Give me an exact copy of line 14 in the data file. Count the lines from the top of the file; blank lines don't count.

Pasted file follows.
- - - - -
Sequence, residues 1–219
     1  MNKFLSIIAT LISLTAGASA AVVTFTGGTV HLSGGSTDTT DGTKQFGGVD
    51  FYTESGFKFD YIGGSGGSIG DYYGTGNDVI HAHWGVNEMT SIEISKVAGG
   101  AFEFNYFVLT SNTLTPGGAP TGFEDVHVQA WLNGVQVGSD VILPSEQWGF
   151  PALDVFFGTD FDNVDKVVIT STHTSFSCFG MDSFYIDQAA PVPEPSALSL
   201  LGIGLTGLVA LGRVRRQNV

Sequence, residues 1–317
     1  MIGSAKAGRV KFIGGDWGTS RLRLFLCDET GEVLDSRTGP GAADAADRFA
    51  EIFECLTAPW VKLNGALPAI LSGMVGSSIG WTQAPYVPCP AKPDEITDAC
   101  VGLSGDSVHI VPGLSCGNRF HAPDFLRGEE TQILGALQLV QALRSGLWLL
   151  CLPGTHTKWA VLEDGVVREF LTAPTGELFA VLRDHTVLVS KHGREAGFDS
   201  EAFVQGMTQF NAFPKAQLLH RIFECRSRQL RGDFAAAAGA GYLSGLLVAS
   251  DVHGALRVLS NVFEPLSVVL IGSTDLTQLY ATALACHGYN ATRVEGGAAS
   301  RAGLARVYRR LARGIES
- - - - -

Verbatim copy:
   301  RAGLARVYRR LARGIES